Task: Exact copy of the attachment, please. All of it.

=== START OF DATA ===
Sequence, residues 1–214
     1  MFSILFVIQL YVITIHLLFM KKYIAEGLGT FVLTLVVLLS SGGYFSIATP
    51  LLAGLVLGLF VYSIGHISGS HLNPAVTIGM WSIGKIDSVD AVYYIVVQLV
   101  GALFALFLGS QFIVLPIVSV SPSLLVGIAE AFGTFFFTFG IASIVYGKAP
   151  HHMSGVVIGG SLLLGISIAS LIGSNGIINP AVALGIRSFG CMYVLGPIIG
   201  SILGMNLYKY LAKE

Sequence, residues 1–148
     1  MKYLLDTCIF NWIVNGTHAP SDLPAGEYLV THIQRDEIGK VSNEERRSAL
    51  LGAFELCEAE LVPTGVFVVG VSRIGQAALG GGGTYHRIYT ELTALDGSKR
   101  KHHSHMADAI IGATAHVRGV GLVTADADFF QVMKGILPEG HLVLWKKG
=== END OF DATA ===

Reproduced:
Sequence, residues 1–214
     1  MFSILFVIQL YVITIHLLFM KKYIAEGLGT FVLTLVVLLS SGGYFSIATP
    51  LLAGLVLGLF VYSIGHISGS HLNPAVTIGM WSIGKIDSVD AVYYIVVQLV
   101  GALFALFLGS QFIVLPIVSV SPSLLVGIAE AFGTFFFTFG IASIVYGKAP
   151  HHMSGVVIGG SLLLGISIAS LIGSNGIINP AVALGIRSFG CMYVLGPIIG
   201  SILGMNLYKY LAKE

Sequence, residues 1–148
     1  MKYLLDTCIF NWIVNGTHAP SDLPAGEYLV THIQRDEIGK VSNEERRSAL
    51  LGAFELCEAE LVPTGVFVVG VSRIGQAALG GGGTYHRIYT ELTALDGSKR
   101  KHHSHMADAI IGATAHVRGV GLVTADADFF QVMKGILPEG HLVLWKKG